You may have always thought of yourself as a night owl, constantly staying up “past your bedtime” and feeling energetic and awake after the sun goes down. Or maybe you’re a morning person, waking up with the birds and starting your day before most people are out of bed. Everyone has a “sleep type” — but you may not have heard of the term chronotype. Chronotype refers to the underlying kind of sleeper you are, and at what times of the day you are most productive, awake, and energized. Your next question is probably, What is my chronotype? Read on to find out what chronotypes are and how you can learn to get more done and feel healthier and more productive by knowing more about your personal chronotype.
What is a Chronotype?
Chronotypes are closely related to circadian rhythms — the sleep-wake patterns that make us feel tired and sleepy or more awake and energized at different parts of the day. The circadian rhythm is influenced by factors like light, and is affected by the amount of melatonin your brain releases at varying times during the day and night. It’s different from chronotype in that your circadian rhythm can change according to your surroundings, travel, or job, but your underlying sleep chronotype remains fairly constant throughout your life.
You may have noticed that you feel more productive and awake during the afternoon hours, and that you can get more done at work during this time. Or, you might be the kind of person who needs to “rise and shine” and complete tasks in the earlier hours of the day. Read on for helpful info on how to be most productive according to your chronotype.
Your Chronotype may reflect your personality
Some people refer to the four main chronotypes with animal names: bear, wolf, dolphin, and lion. Those with the Bear chronotype are most common, and tend to follow this typical pattern: sleep according to the rhythms of the sun, feel energized during the day, and experience a dip in motivation after lunch. Those with this chronotype should aim to complete their most important tasks after breakfast, and plan to take a break for meditation or a brisk walk after lunch to refocus.
On the other hand, if you’re a Dolphin, you have trouble adhering to any kind of real sleep schedule, and you find yourself easily bothered by factors like noise and light. If this sounds like you, you might find that you are most productive from the hours of 10 a.m. and 2 p.m. — good news, as this is when it tends to be easiest to get tasks done. To help avoid getting woken up by unwanted light, try an eye mask like Eye Mask by Malayaleesangamam to get restful sleep.
Some studies have shown that people who come alive in the evening tend to work in more creative, artistic professions that require socializing or working during the nighttime hours. This chronotype is often referred to as the Wolf. This type of sleeper has trouble waking up in the morning. They feel most energized and awake from about noon to 4 p.m. Wolf chronotypes are also more likely to have trouble functioning well in the morning hours, and may be more inclined to use substances like alcohol, sugar, and caffeine.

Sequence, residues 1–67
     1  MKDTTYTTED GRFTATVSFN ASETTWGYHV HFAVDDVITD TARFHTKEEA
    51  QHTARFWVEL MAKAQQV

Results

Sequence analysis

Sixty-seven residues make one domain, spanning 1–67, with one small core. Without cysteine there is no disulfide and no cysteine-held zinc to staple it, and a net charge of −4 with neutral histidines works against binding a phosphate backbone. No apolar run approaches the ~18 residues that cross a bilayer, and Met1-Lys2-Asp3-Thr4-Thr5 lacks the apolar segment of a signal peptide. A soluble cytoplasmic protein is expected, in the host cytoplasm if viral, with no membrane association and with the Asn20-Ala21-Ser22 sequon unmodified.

People who enjoy waking up early and working in the morning are more likely to hold jobs that require agreeableness. This type of chronotype is the Lion. Early risers like this tend to be most refreshed as soon as they wake, and should go to bed before 10 p.m. This allows Lions to accomplish their goals and tasks in the morning when they are most awake and energized.
How to Make the Most of Your Chronotype
- Listen to your body. When you feel sleepy in the evening, take your body’s advice and go to bed! If it feels more natural to you to go to bed at 8 p.m. and wake up at 5 a.m., do it if you can. You’ll be tuning in to your body’s natural rhythms and using your chronotype to your advantage when you get up earlier and start your day with the sun.
- Night owl? Try sleep hygiene. Those with a tendency to stay up later may find themselves tired during the day and unable to complete tasks effectively in the morning hours. This can interfere with work and social events. People with this kind of chronotype should try a “sleep hygiene” routine, such as eliminating screens during the evening, taking a hot bath or shower, and going to bed at the same hour each night to encourage healthy circadian rhythms that will work with their chronotype. Try winding down with a relaxing meditation session. Cover your eyes with a Light Versatile Pillow for a few moments of quiet darkness, or lay down to rest your head. Night owls may require a bit of discipline to achieve a healthy sleep schedule, but this pays off during the day when they’re able to function normally and be productive — even if they’d rather be sleeping in.